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Healthy School Meals for Kids
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Healthy School Meals for Kids

Parents have always had a hard time getting kids to eat healthy foods, and lunch-box meals pose a particular challenge. You may face the dilemma of how to send off a healthy lunch--one with complex carbohydrates, calcium, protein, fruits and vegetables--that your child will actually eat, rather than bringing it back home or--worse--trading it for more sugary fare. With a little creativity mixed with certain healthy standbys, it is possible to get kids to eat nutritious lunches, whether they know it or not.

Simple to prepare, sandwiches automatically gain nutrition points if you use whole-grain breads instead of white. Avoid processed meats and sugary foods like jam and marshmallow spread, and instead stick with peanut butter (which is loaded with protein), fresh meat, tuna and egg salad. Cheese, though fattening, has lots of calcium, so it's fine to include sometimes (note that until a child is 5 years old, he needs more fat than older children do). Leftover meatloaf or casserole can be placed in a pita or wrap. Stick in a layer or two of lettuce or tomato if your child will let you get away with it.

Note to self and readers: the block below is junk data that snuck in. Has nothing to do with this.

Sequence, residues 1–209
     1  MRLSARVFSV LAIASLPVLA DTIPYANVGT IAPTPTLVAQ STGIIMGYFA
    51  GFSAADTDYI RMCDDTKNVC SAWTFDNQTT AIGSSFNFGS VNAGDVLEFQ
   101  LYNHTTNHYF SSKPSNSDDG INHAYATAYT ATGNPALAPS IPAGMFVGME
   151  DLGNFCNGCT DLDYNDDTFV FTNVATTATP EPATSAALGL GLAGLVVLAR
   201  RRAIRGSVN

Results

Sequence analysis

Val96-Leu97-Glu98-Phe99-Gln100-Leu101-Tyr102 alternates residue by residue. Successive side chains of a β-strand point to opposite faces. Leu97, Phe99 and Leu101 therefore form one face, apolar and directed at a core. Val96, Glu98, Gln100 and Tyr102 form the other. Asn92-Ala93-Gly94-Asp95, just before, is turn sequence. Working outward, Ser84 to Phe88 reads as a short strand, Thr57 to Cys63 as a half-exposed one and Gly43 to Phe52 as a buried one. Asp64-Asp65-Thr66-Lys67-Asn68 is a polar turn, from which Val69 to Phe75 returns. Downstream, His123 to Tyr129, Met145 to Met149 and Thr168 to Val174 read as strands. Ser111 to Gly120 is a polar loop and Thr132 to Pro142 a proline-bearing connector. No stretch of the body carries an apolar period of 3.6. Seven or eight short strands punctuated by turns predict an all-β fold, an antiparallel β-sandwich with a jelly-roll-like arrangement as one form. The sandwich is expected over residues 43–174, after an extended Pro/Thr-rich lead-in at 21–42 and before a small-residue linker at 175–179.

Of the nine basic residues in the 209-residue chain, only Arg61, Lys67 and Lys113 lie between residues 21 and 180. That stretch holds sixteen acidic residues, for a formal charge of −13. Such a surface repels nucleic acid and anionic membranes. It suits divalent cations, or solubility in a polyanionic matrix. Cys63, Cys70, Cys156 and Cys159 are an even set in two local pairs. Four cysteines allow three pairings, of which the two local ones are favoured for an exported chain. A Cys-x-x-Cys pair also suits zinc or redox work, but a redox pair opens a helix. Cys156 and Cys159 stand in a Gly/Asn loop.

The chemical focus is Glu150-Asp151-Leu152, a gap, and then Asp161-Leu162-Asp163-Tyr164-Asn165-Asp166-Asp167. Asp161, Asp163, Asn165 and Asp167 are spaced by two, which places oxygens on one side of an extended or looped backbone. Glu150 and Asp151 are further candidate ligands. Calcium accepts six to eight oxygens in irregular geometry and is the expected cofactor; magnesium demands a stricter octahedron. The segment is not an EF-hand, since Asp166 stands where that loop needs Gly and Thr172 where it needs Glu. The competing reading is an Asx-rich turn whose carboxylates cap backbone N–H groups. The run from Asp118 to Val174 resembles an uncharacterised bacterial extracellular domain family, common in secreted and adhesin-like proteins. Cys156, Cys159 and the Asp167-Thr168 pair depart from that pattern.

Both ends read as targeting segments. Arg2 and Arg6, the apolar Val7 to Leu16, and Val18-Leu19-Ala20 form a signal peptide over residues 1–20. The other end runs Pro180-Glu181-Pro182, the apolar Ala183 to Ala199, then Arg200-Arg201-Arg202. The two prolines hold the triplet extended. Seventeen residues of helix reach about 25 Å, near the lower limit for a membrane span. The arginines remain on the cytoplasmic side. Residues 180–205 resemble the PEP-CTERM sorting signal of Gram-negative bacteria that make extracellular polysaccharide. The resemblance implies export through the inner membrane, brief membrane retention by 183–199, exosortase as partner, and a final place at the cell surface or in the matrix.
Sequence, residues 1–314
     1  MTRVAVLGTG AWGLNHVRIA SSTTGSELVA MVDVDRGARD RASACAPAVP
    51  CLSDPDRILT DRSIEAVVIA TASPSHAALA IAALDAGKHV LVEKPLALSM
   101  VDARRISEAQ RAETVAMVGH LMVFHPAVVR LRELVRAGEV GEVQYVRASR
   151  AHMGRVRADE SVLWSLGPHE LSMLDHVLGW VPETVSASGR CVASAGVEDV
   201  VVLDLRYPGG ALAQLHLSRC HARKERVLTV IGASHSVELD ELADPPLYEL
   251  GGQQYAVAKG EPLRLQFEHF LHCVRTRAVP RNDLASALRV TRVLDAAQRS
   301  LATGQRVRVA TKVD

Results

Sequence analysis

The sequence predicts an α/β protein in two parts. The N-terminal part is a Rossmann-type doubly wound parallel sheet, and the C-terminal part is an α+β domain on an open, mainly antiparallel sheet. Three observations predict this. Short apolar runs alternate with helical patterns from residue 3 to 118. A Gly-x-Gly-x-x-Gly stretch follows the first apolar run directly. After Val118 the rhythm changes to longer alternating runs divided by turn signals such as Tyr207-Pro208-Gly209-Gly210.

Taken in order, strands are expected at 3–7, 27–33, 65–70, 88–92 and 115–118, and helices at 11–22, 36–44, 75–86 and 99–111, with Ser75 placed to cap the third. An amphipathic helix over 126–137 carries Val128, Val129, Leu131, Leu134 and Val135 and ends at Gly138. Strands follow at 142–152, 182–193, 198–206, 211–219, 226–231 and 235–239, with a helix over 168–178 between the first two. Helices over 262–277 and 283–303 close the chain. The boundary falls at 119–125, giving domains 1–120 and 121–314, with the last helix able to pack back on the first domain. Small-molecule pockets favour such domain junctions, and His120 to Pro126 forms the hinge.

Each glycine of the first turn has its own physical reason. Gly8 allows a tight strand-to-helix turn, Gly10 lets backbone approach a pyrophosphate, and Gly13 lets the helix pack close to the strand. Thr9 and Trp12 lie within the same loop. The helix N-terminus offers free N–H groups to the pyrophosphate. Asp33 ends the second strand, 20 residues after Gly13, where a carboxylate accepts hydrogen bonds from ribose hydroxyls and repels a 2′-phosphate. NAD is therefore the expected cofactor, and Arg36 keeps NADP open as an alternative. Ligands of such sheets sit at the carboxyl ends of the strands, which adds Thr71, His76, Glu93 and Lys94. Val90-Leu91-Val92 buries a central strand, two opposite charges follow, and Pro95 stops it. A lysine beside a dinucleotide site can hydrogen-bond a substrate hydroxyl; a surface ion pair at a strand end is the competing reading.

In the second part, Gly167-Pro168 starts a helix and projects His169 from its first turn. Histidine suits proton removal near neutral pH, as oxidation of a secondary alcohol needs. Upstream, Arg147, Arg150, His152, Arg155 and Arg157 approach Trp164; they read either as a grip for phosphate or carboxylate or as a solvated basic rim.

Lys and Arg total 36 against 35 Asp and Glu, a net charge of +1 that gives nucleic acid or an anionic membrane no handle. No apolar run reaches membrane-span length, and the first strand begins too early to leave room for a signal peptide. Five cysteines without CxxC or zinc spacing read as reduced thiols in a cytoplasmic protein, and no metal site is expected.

Fresh fruit becomes more appetizing if you cut it up and provide toothpicks for spearing and a container of yogurt for dipping (yogurt is also a healthy snack on its own). Dips, which are fun, also encourage youngsters to consume small vegetables like baby carrots, cut-up cucumbers and cherry tomatoes See if your child will eat almond butter, cottage cheese or low-fat sour cream. A sprinkle of nuts or seeds in the dip adds flavor, protein and fiber.

The goal for drinks is to decrease sugar and increase vitamin content. Try sending a thermos with milk, or seltzer flavored with fruit juice. Or, the night before, partially fill a bottle with water, lay it on its side in the freezer, and in the morning fill the rest with water. By lunchtime your child will have refreshing ice water.